Let me just say that, even though I have made empowering girls my life’s work, I am still amazed and always inspired at the potential of a girl who sets her mind to accomplish a goal.


Enter Presley, the girl who submitted Sarah Grimke -- the chosen figure for the Nominate Her Challenge.


Presley nominated an early abolitionist and women’s rights activist, Sarah Grimke.

Presley nominated this particular historical figure because of Sarah’s mission to stay authentic. Sarah, raised in the South, hated slavery. She advocated for the slaves on her plantation. She tried to reason with her parents that slaves were entitled to the same rights as their owners and should be freed, but to no avail. So Sarah left the South behind and went North, becoming a Quaker. The Quakers did not believe in slavery, and they believed in equal rights between men and women. It was here, with the Quakers, that Sarah found a foundation to stand on and was able to speak out against the evils of slavery.


Presley walked into our offices with a very clear and concise plan of how Sarah should be represented to other girls. She was cool and confident when she told three adults —  two of whom she had never met before — what Sarah should be remembered for, what her journal needed to convey, what activities we should consider for the Play-It-Forward cards and what the accessory and the charm should look like. We were impressed.


My business partner looked at me after the meeting and said, “That was the coolest meeting I have ever had. Presley is going places.” Presley’s determination inspired me to work a little bit harder the rest of that day.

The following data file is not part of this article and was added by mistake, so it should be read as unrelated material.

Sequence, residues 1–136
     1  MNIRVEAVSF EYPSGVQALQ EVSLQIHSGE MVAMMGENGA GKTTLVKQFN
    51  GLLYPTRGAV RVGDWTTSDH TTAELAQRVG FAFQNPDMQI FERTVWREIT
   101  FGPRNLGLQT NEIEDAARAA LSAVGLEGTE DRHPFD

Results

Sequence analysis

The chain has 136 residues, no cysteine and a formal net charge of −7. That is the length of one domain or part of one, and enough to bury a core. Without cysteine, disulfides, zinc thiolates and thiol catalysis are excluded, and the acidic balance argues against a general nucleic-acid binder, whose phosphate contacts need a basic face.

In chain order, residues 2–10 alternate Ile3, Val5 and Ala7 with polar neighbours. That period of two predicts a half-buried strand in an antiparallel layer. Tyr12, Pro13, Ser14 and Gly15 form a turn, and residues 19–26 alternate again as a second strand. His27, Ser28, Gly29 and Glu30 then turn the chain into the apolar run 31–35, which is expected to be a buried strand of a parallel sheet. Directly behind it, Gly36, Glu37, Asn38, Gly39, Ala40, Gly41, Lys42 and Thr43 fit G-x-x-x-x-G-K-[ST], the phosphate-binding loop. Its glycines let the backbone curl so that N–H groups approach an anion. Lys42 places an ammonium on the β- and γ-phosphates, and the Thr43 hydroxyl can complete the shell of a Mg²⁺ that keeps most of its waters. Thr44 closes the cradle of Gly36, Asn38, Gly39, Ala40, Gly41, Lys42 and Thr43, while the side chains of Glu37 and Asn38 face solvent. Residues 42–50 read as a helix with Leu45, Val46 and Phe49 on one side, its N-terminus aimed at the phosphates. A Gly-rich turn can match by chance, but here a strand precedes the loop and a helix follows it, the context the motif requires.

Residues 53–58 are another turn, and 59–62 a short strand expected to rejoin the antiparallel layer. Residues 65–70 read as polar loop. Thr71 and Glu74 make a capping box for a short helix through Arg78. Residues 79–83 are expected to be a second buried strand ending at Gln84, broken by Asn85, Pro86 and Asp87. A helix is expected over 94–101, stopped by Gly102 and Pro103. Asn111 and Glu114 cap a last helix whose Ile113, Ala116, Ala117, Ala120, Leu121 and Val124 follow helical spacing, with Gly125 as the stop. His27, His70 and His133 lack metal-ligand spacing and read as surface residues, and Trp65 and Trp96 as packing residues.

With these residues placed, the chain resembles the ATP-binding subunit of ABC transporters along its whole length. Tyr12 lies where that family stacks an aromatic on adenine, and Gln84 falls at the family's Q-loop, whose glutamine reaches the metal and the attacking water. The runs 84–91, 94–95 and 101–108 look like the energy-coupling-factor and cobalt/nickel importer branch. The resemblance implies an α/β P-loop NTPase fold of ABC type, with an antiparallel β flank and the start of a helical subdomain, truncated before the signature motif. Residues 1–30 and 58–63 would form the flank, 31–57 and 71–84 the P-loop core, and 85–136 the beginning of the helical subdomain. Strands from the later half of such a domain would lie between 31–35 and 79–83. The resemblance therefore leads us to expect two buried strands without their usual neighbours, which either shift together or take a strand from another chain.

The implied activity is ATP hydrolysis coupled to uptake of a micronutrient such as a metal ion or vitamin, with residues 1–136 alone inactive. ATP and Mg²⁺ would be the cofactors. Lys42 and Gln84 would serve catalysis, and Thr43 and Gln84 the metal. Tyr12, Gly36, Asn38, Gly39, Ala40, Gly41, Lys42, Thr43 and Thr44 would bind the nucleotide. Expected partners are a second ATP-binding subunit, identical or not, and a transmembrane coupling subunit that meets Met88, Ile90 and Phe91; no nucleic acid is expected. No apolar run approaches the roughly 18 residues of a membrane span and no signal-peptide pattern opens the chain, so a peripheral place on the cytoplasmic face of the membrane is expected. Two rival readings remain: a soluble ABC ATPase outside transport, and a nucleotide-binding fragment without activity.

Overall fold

Can you imagine if we gave every girl a platform to speak her mind and we, the adults, just listened? If we all would just be quiet and listen to what she needs, what she feels other girls need ... if we just got out of her way for 10 minutes — what great things could she do?


Truly, we received some really great entries for the Nominate Her Challenge. I have spoken to each of the nominating girls and we have plans in the future to bring the girls in and work with them. These girls understood the mission laid out before them, and they wanted to “get after it” and get things accomplished — and, well, we adults just need to step aside and let them have their space.


So, I am left wondering: Do all girls simply need their mission and their space? I get so busy trying to find opportunities for my daughter to be inspired that I am not truly sure I ever get out of the way and let her inspire herself, or tell her how she inspires me. Yikes!

Do we parents need to give them time every day to be completely independent to do the creative work, the physical work, the leadership-type work they want? What happens to a girl as she works to empower others? What does she become in life — Superwoman? A Fortune 500 CEO? President? The list of possibilities is inspiring. When girls bring this level of passion to their work, I wonder if they realize they are inspiring adults to work harder at their jobs. Have we ever told our daughters that, when they do those things that bring them happiness, they inspire us? What would that do for our daughters? I think we need to tell them.


To the girls who are coming through the ranks: Keep doing the hard work, stay true to your mission, be authentic when you share your thoughts. You are a breath of fresh air; you inspire us to work harder on your behalf. You make us believe that tomorrow is going to be great and we are leaving this world in some very capable hands.


Thank you for your grit,